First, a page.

Home Brussels EU efforts to ‘reshore’ drug production trip over subsidy rules

EU efforts to ‘reshore’ drug production trip over subsidy rules

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The EU’s declared goal of bringing home pharmaceutical production is clashing with the reality of its own rules on public investments.

Nominally at least, the Commission is on board with efforts to revive drug manufacturing inside the bloc. Speaking at a gathering of executives from Europe’s off-patent medicines industry in Athens last week, Commission Vice President Margaritis Schinas called the pandemic a “wake-up call” for Europe to strengthen its pharmaceutical sector.

“Being able to produce and supply medicines … is a matter of great strategic and geopolitical importance for our union,” said Schinas.

Commission Vice President Margaritis Schinas (center) tours an ELPEN pharmaceutical research campus under construction in the outskirts of Athens | ELPEN images

But the EU is going to have to let member countries help foot the bill to build new capacity if it wants to bring back its medicines production, argues Adrian van den Hoven, director general of generic drug lobby Medicines for Europe, despite its own competition rules designed to restrict how countries help their local industry.

It’s a familiar story: Europe’s place in drug manufacturing has gradually been eclipsed by the rise of China and India. According to a report for Germany’s generic drug association Pro Generika, Asian companies hold nearly two-thirds of the approval certificates needed to produce active pharmaceutical ingredients in Europe, with the remainder held by local firms — a ratio that has reversed over the last 20 years. And for 93 active ingredients, no European company holds a certificate.

“We used to be the biggest producers of active pharmaceutical ingredients in the world,” said van den Hoven, adding that with the right incentives, Europe’s generic manufacturers can once again compete with China. “But with these rules,” he said, “they’re not qualifying.”

Europe is still a major player in cutting-edge innovative medicine. But Asian companies, taking advantage of cheaper labor and laxer environmental regulation, now supply a substantial share of the bloc’s generic (or off-patent) medicines, and an even greater portion of the active ingredients and chemical inputs used to make them. These include drugs like paracetamol or the common antibiotics hospitals rely on to function day-to-day.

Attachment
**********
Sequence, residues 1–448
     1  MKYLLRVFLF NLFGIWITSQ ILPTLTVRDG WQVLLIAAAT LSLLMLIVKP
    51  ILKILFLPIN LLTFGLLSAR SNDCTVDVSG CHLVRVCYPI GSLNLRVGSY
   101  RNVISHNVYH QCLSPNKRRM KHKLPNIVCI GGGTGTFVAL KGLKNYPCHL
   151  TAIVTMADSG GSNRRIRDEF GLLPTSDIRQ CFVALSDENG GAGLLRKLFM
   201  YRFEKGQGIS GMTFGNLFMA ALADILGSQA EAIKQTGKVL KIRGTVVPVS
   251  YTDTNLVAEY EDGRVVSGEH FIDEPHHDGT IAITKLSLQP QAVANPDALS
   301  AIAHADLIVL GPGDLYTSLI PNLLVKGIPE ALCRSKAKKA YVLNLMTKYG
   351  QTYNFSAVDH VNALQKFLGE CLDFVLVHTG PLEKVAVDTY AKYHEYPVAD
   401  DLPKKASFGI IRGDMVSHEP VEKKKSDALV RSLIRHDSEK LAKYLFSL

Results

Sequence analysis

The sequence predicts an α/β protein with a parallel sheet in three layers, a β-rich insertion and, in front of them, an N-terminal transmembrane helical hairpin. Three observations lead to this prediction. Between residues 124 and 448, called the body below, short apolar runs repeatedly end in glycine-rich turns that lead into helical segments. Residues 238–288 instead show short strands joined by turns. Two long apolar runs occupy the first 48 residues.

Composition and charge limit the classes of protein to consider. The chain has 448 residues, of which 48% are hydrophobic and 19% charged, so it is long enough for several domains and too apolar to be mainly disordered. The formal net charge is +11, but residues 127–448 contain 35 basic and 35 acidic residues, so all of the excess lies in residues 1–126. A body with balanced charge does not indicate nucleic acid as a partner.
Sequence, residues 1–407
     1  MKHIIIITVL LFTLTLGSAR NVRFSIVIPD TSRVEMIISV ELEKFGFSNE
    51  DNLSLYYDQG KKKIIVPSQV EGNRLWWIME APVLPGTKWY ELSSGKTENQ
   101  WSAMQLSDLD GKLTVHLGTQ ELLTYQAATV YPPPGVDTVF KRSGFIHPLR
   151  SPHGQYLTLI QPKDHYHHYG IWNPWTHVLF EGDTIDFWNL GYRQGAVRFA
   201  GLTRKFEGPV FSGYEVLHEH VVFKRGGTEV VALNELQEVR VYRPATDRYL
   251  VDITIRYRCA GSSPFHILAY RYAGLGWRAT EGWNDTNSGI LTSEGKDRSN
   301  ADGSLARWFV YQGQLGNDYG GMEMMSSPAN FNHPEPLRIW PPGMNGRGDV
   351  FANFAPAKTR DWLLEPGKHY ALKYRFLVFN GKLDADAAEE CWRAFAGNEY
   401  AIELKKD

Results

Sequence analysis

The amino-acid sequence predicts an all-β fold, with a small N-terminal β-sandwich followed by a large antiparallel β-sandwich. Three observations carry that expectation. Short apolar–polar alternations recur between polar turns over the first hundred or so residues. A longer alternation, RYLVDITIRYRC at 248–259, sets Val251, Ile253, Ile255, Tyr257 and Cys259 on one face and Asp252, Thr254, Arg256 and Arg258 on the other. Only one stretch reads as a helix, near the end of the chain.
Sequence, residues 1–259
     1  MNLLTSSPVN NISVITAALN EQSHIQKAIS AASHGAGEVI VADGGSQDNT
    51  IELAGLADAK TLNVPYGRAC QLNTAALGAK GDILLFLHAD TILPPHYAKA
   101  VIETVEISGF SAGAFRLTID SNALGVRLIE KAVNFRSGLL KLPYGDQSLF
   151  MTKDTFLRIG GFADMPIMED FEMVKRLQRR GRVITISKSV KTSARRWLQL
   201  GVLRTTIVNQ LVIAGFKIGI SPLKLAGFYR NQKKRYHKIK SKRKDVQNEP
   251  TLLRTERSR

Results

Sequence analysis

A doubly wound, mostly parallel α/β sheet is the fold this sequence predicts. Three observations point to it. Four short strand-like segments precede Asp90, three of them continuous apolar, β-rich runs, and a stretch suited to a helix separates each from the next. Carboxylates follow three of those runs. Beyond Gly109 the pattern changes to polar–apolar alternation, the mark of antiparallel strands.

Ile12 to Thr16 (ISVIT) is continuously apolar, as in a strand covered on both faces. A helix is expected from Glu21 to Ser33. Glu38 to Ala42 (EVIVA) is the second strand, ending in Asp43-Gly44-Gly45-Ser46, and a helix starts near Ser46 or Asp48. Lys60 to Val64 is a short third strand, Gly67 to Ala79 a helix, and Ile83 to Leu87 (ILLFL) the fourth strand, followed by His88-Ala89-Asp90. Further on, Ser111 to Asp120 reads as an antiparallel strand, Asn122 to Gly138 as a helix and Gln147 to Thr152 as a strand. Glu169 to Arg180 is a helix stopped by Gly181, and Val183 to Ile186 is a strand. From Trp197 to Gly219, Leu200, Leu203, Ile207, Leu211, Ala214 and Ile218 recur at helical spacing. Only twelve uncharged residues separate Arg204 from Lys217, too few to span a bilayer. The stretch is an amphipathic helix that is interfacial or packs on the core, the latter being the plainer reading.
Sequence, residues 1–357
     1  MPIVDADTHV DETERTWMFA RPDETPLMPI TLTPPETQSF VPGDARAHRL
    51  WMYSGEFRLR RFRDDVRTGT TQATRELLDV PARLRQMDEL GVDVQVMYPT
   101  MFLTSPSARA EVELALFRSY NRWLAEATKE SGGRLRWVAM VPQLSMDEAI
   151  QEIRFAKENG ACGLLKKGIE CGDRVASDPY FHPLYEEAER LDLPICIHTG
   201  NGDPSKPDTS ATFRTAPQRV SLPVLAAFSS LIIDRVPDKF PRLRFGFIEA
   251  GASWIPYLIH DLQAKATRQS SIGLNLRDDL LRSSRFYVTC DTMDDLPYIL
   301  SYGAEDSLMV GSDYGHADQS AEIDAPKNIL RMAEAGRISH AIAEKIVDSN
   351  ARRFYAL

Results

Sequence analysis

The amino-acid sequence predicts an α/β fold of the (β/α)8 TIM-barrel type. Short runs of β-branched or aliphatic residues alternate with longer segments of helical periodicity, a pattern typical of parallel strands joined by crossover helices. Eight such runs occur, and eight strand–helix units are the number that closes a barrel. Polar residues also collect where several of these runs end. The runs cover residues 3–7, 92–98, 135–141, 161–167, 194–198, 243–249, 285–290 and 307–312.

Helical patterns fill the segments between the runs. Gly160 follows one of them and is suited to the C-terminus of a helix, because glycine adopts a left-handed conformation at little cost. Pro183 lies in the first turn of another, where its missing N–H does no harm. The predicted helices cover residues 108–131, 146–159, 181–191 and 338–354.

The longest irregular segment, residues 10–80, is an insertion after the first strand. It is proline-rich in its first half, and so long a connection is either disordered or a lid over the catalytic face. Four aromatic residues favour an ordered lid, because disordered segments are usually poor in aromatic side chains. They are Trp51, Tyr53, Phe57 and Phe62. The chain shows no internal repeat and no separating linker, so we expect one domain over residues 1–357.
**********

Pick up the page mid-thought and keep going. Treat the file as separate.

Spurred by a close call when major exporters threatened to block the shipment of crucial drugs at the height of the pandemic, as well as a general re-orientation towards domestic manufacturing under the label of “open strategic autonomy,” Brussels has set its sights on tightening scrutiny over its globalized pharmaceutical supply chains as it pushes for greater self-reliance. 

Supply-chain resilience

With a reform blueprint for pharmaceuticals published in November 2020, the Commission pledged to shore up the resilience of supply. While concrete measures are needed before the publication of the Commission’s proposal to re-write the EU’s basic pharma rules, expected late next year, the strategy gave a few previews, suggesting the bloc diversify supply chains, encourage local production and stockpile strategic medicines.

The Commission’s proposed health union package, put forward in the wake of the COVID-19 outbreak, would meanwhile hand extra powers to the European Medicines Agency to monitor drug shortages. And the new Health Emergency Preparedness and Response Authority (HERA) will be tasked with mapping supply chains that can be ramped up in an emergency — and with identifying bottlenecks.

Member countries have signaled they’re ready to give the industry a push to bring production back to Europe. Such steps clash, however, with the reality of state-aid rules, which require that public money be invested in less-developed regions. Countries must also prove investments have a so-called “incentive” effect — meaning they need to demonstrate that, without the funding, the project would not have been feasible at all.